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Central Park, constructed from 1857 to 1873, is a unique and long-recognized masterpiece of landscape architecture and the most important work of American art of the 19th century. Central Park’s co-designers, Frederick Law Olmsted and Calvert Vaux, struggled to establish themselves as artists and to equate their work with the venerable tradition of landscape painting. When the Park was near completion, Olmsted affirmed its status as a “single unified work of art.” Like every other work of art, Central Park is entirely man-made. The only natural feature on the Park site is the metamorphic rock called Manhattan schist, which is approximately 450 million years old. To create the Park’s naturalistic lakes and streams, low-lying swamps were drained, a naturalistic shoreline was established, and city water pipes were installed; to create the Park’s vast, undulating meadows, swampland was filled with soil, and rock outcrops were leveled with gunpowder; to create the Park’s three woodland areas, barren rock-strewn slopes were planted with millions of trees, shrubs, and vines. Olmsted and Vaux estimated that if all ten million cartloads of soil and materials used to build the Park were to be placed end to end, they would have stretched for 30,000 miles (48,280 kilometers). A walk through Central Park was designed to be a moving experience. Olmsted used the term “passages of scenery” to explain the ever-changing views experienced while walking through the various landscapes: broad meadows, rustic woodlands, tree-lined allées, and a diversity of architectural structures. As you walk along the Park’s pathways, notice how the Park’s scenery changes with the weather conditions and times of day. Come back to the Park throughout the year and marvel at the difference that seasonal foliage and vegetation bring to each carefully composed landscape.
One criterion used to critique a great work of art is its longevity — the ability to initiate emotion and communicate meaning long after its creation. In this sense, Central Park is a masterpiece that has survived the test of time. Like every great work of art, Central Park requires constant care and attention to maintain its present beauty and energy. In the 1960s and 1970s the century-old preserve had become forsaken and dilapidated. In1980, a handful of farsighted and passionate New Yorkers set out to revitalize the Park and founded the private, nonprofit Central Park Conservancy. There is no greater testimony to the Park’s resilience than the extraordinary renaissance it has enjoyed since 1980 when the Conservancy began to restore Olmsted and Vaux’s masterpiece of landscape architecture. The Conservancy’s mission remains the management, restoration, and preservation of Central Park, in partnership with the City of New York, for present and future generations.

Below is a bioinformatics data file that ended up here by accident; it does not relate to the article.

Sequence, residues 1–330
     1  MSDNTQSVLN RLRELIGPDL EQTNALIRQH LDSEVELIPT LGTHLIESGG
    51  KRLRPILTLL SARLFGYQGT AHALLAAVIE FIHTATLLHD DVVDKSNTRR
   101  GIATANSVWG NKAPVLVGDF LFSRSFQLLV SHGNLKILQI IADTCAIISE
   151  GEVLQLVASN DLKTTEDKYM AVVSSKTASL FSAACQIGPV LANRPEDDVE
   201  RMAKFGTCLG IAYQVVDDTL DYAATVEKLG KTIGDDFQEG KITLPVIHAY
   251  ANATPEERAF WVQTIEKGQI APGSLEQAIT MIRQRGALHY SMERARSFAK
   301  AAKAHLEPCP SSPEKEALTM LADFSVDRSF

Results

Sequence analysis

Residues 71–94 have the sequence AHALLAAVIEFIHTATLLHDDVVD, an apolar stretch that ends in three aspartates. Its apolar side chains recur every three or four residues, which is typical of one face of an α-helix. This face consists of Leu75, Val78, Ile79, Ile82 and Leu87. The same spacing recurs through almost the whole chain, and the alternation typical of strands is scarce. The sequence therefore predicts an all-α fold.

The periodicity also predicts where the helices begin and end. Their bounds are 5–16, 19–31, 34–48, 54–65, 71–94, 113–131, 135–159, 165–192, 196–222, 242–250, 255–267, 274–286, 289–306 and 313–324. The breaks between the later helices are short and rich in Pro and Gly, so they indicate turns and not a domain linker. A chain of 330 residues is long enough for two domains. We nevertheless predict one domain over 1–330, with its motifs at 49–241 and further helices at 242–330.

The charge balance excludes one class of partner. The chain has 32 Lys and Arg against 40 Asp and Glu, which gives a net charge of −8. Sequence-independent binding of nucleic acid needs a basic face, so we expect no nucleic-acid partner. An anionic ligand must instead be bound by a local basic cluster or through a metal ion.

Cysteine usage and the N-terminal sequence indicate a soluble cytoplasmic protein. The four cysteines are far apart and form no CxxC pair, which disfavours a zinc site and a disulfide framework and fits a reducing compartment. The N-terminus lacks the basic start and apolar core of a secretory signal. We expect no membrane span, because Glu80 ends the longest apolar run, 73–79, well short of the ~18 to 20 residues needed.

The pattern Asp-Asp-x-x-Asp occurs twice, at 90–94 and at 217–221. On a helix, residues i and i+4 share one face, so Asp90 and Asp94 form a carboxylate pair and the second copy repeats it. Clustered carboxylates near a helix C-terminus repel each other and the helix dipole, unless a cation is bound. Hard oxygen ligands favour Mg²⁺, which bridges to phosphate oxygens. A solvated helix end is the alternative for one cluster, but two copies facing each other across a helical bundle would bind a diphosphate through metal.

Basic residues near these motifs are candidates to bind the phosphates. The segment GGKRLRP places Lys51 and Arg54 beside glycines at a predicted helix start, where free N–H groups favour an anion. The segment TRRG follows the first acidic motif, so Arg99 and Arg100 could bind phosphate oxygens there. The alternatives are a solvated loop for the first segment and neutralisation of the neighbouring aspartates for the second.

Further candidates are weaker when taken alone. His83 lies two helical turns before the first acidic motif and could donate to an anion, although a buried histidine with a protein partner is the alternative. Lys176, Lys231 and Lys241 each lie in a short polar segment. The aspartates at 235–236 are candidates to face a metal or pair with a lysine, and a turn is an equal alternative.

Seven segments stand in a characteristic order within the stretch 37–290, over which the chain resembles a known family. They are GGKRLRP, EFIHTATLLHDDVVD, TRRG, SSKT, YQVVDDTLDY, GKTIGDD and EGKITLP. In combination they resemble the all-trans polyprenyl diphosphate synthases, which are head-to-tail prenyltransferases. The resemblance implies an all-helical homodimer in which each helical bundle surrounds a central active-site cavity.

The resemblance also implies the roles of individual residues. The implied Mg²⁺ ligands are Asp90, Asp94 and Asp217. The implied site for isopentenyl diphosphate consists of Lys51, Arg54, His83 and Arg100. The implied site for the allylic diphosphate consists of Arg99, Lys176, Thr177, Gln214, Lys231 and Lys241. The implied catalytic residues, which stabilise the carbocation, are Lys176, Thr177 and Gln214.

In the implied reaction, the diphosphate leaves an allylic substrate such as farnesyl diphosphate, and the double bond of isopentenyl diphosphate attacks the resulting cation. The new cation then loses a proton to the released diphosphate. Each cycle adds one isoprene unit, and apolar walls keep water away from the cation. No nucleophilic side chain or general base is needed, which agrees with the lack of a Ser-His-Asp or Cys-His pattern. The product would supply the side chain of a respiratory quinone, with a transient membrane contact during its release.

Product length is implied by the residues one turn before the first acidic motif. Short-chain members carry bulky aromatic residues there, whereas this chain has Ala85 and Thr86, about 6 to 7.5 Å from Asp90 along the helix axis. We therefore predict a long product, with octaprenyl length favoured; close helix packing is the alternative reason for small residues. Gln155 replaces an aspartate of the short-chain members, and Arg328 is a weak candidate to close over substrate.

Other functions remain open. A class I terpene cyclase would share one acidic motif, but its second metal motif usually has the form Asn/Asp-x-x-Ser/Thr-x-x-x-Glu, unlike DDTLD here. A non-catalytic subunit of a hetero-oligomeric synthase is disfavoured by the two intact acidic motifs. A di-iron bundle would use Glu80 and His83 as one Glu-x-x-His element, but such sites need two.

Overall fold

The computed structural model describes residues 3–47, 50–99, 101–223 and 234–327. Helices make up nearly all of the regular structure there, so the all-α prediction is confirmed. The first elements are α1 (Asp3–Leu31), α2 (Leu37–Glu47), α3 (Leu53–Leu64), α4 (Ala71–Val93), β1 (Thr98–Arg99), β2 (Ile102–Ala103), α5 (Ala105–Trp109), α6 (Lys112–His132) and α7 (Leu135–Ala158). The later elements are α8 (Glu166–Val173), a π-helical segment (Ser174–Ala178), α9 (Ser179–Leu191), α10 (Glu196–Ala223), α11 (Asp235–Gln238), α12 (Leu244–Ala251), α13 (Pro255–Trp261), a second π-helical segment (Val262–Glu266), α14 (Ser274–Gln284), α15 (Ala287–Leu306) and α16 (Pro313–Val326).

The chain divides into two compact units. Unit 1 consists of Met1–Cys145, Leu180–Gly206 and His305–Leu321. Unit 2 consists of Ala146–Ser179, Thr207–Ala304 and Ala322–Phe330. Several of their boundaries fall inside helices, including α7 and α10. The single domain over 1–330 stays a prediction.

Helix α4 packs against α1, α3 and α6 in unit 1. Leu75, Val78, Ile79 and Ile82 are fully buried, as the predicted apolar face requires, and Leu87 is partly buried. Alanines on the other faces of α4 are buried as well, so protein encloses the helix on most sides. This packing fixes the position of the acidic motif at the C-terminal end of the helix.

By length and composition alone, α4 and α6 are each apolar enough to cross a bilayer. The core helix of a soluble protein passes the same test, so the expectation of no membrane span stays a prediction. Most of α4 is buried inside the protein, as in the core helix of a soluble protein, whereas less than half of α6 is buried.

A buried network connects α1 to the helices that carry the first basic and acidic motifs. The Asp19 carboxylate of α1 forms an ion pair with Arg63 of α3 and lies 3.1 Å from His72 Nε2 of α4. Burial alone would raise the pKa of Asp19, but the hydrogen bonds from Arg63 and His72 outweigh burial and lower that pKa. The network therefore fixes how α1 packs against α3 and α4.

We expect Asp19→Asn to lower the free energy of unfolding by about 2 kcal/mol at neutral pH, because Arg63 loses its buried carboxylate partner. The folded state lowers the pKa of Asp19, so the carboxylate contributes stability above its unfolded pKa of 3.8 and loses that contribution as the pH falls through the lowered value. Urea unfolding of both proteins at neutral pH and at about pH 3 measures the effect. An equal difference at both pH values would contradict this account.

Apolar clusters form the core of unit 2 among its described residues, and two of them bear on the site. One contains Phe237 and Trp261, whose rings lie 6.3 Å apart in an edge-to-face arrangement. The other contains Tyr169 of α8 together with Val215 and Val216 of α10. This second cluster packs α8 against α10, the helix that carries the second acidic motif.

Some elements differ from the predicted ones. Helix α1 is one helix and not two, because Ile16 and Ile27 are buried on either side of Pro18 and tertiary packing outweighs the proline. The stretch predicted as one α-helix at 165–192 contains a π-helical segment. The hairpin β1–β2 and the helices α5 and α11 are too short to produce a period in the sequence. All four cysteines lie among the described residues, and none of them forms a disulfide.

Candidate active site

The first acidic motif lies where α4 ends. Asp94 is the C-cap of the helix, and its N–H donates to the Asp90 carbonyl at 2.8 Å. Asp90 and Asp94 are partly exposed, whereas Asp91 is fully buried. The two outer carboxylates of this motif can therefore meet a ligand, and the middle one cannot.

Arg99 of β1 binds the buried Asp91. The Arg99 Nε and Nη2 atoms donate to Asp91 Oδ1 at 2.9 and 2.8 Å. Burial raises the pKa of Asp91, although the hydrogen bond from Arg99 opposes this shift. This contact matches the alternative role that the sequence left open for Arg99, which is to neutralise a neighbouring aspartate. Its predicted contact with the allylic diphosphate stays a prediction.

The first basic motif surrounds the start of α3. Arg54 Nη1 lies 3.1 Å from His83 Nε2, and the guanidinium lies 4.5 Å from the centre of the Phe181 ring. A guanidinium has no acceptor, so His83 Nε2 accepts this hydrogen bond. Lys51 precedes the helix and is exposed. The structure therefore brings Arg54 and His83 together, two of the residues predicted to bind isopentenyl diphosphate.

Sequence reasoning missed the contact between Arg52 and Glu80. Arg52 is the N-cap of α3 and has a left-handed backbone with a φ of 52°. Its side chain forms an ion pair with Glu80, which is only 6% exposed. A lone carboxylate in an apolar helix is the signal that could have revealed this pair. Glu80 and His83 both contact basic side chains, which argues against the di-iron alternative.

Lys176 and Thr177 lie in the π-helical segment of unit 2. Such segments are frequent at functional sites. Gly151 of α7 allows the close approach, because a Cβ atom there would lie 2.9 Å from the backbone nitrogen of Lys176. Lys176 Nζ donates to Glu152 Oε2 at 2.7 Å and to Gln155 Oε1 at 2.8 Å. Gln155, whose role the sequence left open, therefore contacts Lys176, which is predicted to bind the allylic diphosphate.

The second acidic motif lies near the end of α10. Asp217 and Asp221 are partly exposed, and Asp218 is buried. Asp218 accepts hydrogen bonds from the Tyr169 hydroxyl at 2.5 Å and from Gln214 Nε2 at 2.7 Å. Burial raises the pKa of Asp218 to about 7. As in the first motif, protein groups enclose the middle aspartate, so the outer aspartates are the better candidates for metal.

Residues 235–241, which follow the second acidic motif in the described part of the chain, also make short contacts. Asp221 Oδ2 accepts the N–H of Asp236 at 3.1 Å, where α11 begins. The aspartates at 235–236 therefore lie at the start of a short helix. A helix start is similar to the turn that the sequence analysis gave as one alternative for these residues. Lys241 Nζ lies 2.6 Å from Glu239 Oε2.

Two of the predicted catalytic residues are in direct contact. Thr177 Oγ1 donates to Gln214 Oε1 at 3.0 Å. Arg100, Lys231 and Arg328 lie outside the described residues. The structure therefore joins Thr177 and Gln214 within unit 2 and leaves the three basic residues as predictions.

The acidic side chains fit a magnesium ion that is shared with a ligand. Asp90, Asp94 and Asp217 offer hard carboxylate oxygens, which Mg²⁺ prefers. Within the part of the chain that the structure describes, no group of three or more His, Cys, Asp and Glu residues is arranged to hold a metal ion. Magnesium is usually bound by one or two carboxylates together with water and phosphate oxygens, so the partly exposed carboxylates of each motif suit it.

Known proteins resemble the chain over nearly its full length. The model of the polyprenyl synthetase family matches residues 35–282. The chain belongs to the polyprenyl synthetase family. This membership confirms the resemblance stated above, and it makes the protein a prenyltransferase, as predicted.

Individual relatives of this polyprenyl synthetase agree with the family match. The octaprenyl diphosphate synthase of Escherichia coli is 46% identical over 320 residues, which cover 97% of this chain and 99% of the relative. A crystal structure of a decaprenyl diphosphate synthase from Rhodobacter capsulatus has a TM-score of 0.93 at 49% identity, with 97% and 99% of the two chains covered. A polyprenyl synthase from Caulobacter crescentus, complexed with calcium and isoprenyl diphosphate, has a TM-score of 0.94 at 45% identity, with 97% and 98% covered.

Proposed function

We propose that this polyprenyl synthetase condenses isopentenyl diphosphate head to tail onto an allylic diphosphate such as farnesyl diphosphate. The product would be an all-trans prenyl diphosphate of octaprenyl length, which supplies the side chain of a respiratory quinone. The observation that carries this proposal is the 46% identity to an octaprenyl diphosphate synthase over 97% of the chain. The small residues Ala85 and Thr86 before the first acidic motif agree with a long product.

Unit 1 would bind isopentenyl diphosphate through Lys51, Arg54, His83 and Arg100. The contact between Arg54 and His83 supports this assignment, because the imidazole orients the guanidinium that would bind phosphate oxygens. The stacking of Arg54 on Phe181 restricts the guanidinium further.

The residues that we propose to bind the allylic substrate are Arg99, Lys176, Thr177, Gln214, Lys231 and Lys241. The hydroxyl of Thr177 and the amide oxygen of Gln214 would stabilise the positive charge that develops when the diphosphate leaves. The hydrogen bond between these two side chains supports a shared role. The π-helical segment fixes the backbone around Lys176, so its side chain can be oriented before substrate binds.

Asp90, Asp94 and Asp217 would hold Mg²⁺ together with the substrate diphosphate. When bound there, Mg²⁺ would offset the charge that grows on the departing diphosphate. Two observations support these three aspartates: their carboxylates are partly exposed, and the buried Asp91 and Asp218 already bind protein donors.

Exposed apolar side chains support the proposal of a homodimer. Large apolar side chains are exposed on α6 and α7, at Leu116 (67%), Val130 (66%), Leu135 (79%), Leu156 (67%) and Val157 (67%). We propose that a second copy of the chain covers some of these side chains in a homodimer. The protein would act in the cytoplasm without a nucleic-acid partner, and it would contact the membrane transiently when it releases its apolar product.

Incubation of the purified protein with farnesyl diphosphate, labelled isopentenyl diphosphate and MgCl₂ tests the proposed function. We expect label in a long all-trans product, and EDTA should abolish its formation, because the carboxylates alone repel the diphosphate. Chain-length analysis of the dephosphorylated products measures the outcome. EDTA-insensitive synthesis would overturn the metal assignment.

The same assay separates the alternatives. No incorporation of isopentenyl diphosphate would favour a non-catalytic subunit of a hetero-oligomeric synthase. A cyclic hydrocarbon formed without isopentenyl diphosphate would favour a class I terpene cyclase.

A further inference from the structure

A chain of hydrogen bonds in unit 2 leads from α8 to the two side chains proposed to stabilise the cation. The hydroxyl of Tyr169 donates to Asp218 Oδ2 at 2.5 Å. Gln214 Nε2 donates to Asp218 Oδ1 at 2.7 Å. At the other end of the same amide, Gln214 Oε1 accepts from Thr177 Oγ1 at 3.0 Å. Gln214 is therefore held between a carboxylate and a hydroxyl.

The Great Lawn is once again the setting for ballgames.C. That year. created this fanciful observation tower as a “belvedere. Concerts by Elton John. The King Jagiello statue is located at the eastern end of Turtle Pond. and can be seen sunning themselves at the waterline of Vista Rock. giving it the magical appearance of rising out of the rock itself. The nature blind. when all great cities around the world clamored for an ancient Egyptian obelisk. the Nazis invaded Poland. beginning in the 1970s. Park co-designer and architect. The monument depicts the moment preceding his victory at the Battle of Grunewald of 1410 when the King crossed the two swords . In 1945 it was placed in Central Park by the Polish government as a symbol of the proud and courageous Polish people.” From 1995 to 1997. 1881. the Castle is constructed of the same Manhattan schist as its promontory. graffiti-covered ruin. they were moved to Alexandria. causing severe damage to the lawn. . thousands of proud New Yorkers celebrated the turning of Central Park's 220-ton obelisk (nicknamed “Cleopatra's Needle”) to an upright position. With the City's increasing need for water. Great Lawn Belvedere Castle In 1867. In 1983. The empty Castle deteriorated into a sad. sunbathing. remember the information comes from Belvedere Castle in Central Park. it was restored by the Central Park Conservancy and became a popular visitor center and nature observatory. filled in. The Great Lawn is a particularly good place to admire some of the Park's 26. Designed in the Norman Gothic style. and the staff vacated the building. and opened as a luxurious green oval in 1937. fifteen years before the construction of Central Park began. in exchange for foreign aid to modernize his country. was originally the site of the Croton Reservoir completed in 1842.above his head.500-year-old monument stands directly behind the Metropolitan Museum of Art. Simon and Garfunkel. the exhibit of the AIDS Quilt. All these activities are carefully monitored in accordance with the management guidelines instituted to ensure the continuing health of the Great Lawn. King Jagiello and Turtle Pond This imposing statue by Polish sculptor Stanislaw Ostrowski (1879-1947) portrays King Jagiello. and picnicking. the Grand Duke of Lithuania. The weather instruments remain on the Castle's tower and monitor New York City's weather around the clock.” Italian for “panoramic viewpoint”. and Luciano Pavarotti. Egyptian pharaoh Thutmosis III (c. their intertwined branches forming an elegant heart-shaped silhouette. donated the plaques that translate the hieroglyphics. preventing the sculpture's return to its homeland. The reservoir was drained in 1931. 1479-1425 B. In 12 B. Placed atop Vista Rock.the 55-acre area covering the 13-acre Great Lawn Oval and its surrounding landscapes. Obelisk This 3. who united Lithuania and Poland after marrying the Queen of Poland. the Weather Bureau installed automated meteorological instruments. The Arthur Ross Pinetum at the northern end of the Oval features 15 species and five varieties of pines. it overlooks the old reservoir (now the Great Lawn).C. a luxurious green area at the geographical center of Central Park. Great Lawn Very few people know that the Great Lawn. On a snowy January 22. plans for a new water system rendered this reservoir obsolete. In addition. To celebrate the 30th year of his reign. King Jagiello and Turtle Pond. the site still held the subterranean walls of the old reservoir. which attracts migrating birds and waterfowl.handed to him by his adversaries. and by the 1980s the Great Lawn had turned into the “Great Dustbowl. is a wonderful place from which to observe wildlife. The twin linden trees inside the middle of the eastern edge of the Oval mirror each other. The sculpture was chosen in 1939 for the entrance to the Polish Pavilion at the World's Fair in New York.SELF-GUIDED TOUR OF THE MIDDLE OF CENTRAL PARK Belvedere Castle. and three species of turtles. who fondly remembered playing in the area as a boy. The renowned filmmaker Cecil B. The Great Lawn is better known as the venue for famous concerts and events. which prevented adequate drainage. a platform that juts out into the northern side of Turtle Pond. Diana Ross. the Teutonic Knights of the Cross . the visit of Pope John Paul II. When you hear “The weather in Central Park is…” on the radio or television. Calvert Vaux. DeMille.. The Khedive of Egypt gave one obelisk to England in 1879 and the other to America in 1881. and the film premier of Disney's Pocahontas drew enormous crowds. The snapping turtles can reach nearly 20 inches (50. the Central Park Conservancy and the City of New York undertook the largest single restoration in Central Park's history .000 trees.) commissioned a pair of obelisks for the sacred city of Heliopolis. where they stood until the 19th century. the Metropolitan Opera and the New York Philharmonic each give their two traditional performances a year. In the early 1960s. The United States Weather Bureau set up offices in the Castle in 1919 to monitor and report New York City's weather.8 cm) in diameter. Obelisk.